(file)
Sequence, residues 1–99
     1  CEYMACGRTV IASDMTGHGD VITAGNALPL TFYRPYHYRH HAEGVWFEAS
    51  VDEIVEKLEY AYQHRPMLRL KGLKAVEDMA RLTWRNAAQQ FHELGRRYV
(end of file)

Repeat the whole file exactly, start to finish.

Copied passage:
Sequence, residues 1–99
     1  CEYMACGRTV IASDMTGHGD VITAGNALPL TFYRPYHYRH HAEGVWFEAS
    51  VDEIVEKLEY AYQHRPMLRL KGLKAVEDMA RLTWRNAAQQ FHELGRRYV